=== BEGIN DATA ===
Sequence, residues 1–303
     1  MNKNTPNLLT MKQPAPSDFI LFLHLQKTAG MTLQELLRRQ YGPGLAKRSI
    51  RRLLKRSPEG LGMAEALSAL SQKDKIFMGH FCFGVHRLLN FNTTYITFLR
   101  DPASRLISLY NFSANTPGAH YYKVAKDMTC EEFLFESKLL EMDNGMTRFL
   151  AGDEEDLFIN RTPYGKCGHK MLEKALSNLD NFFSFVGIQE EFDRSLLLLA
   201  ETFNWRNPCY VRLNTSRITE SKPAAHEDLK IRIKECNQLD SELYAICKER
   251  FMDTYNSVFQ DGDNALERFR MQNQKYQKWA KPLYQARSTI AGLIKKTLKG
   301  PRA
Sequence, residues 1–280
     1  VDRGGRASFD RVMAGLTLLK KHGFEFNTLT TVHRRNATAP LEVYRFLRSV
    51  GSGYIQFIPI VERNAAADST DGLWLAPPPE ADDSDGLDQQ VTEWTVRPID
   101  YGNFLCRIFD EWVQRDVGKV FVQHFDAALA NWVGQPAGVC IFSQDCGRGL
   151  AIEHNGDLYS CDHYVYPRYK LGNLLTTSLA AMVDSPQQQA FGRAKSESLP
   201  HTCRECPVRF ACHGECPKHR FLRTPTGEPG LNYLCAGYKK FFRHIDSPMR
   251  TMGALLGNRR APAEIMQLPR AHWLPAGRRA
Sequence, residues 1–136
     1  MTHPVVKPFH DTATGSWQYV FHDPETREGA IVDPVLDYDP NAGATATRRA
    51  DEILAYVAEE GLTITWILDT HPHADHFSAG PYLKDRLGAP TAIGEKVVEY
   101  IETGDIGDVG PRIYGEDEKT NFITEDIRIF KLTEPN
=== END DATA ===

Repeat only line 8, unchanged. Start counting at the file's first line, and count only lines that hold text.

   301  PRA